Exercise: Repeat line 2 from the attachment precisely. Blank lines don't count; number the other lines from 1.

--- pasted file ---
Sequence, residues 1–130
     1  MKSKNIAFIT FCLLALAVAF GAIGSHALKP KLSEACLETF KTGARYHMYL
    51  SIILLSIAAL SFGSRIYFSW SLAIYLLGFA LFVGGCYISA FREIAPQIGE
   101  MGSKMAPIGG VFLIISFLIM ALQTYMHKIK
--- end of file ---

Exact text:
     1  MKSKNIAFIT FCLLALAVAF GAIGSHALKP KLSEACLETF KTGARYHMYL